Thursday, November 19, 2020

Consumers higher in motivations to make sense of their environments tend to detect persuasion where there is none; manipulation beliefs are related, inter alia, to conspiracy ideation & desbelief of free will

Khon, Zarema, Samuel G. B. Johnson, and Haiming Hang. 2020. “Lay Theories of Manipulation: Do Consumers Believe They Are Susceptible to Marketers’ Trickery?.” PsyArXiv. November 19. doi:10.31234/

Rolf Degen's take:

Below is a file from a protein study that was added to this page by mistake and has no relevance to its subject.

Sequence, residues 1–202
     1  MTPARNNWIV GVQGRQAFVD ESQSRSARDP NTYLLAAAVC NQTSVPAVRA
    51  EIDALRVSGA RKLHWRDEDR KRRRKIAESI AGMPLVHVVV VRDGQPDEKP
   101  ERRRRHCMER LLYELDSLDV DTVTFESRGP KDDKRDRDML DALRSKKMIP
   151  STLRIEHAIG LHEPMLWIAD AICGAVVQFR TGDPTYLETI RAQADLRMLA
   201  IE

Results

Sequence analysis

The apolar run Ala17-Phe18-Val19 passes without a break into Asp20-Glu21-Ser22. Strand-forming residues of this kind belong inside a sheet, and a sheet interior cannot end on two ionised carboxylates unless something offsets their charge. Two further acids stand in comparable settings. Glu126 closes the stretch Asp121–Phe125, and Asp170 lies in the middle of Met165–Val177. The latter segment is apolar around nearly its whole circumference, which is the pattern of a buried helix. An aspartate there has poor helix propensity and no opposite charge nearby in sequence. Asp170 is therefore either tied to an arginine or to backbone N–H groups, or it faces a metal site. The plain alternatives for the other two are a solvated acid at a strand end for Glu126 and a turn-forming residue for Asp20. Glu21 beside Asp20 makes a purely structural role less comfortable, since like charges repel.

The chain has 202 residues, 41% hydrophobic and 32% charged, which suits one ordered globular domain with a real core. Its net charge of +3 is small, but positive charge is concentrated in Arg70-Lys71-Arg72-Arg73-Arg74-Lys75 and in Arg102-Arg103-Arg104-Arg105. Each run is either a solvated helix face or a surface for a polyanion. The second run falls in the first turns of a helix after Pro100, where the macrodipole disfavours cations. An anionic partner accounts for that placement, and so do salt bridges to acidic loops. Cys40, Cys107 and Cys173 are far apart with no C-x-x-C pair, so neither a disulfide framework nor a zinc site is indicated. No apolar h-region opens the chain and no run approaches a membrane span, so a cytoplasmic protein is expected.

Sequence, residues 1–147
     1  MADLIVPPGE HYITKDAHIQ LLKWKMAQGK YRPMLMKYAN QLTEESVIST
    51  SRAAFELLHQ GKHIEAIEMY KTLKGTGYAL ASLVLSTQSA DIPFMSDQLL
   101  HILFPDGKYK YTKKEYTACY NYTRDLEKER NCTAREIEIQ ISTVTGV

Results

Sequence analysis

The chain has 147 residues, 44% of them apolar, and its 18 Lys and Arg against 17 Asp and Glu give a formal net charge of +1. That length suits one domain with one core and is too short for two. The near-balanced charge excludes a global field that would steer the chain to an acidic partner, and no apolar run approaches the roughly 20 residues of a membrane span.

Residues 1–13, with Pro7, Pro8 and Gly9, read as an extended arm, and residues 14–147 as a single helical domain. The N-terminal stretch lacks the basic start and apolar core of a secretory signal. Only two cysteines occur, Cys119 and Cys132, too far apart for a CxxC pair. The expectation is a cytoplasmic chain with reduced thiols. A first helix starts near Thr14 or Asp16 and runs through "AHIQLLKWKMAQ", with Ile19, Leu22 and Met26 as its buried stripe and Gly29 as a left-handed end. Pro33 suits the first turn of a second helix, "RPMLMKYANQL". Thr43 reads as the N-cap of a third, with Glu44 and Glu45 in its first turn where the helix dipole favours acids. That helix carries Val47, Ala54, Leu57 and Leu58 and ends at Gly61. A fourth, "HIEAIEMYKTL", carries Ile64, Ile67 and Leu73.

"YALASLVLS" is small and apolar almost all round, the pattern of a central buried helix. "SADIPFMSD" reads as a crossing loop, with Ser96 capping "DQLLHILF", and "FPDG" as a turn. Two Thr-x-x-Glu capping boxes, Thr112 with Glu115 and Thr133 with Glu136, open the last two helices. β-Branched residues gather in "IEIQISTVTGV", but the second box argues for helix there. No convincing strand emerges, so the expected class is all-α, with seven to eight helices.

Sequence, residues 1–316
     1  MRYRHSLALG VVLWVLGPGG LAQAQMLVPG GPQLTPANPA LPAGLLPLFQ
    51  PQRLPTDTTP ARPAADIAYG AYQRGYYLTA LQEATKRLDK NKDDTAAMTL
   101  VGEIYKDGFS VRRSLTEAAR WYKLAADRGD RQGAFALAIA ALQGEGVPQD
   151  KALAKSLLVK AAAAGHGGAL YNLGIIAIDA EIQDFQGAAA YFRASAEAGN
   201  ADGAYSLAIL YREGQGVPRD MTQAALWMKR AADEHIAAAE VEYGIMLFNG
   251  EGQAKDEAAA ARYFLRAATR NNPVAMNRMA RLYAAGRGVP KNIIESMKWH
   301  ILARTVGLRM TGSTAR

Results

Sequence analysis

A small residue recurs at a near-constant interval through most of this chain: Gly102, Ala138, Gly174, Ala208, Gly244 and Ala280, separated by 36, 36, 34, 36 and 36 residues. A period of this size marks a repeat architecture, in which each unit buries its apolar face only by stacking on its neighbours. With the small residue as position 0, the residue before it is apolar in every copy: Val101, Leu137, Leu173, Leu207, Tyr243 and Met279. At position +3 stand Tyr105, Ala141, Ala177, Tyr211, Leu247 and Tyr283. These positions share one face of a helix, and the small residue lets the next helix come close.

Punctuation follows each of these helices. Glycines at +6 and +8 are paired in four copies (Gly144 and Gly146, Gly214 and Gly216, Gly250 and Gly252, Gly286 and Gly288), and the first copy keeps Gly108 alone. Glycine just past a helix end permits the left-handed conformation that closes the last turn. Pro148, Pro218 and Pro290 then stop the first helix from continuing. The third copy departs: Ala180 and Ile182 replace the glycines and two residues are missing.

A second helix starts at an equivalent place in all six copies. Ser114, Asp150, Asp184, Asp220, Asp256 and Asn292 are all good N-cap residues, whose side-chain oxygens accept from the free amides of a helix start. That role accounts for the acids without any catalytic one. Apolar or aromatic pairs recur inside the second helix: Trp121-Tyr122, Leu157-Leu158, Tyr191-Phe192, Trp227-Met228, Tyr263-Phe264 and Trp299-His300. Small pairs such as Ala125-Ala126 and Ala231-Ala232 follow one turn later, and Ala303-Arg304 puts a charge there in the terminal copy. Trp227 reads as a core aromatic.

Abstract: Marketers know that persuasion is very hard. So, why are consumers determined that marketers can manipulate them? Across five studies, we show that the beliefs about marketing manipulation have deep psychological roots: Consumers higher in motivations to make sense of their environments tend to not only detect persuasion where it exists, but also where there is none. Such beliefs can be weakened when consumers think of themselves (vs. other consumers) in persuasion situations (study 3) and read concrete (vs. abstract) descriptions of these situations (study 4), but only in consumers with low sense-making drives. Whereas higher sense-making motives manifest in greater false-positive manipulation detection, corresponding abilities negatively affect false-positives and result in more accurate persuasion detection (study 5). The studies also revealed how manipulation beliefs are related to conspiracy ideation, personality traits, beliefs about free will, gender, and age. Implications for marketing segmentation and strategies for attenuating false-positive manipulation detection are discussed.

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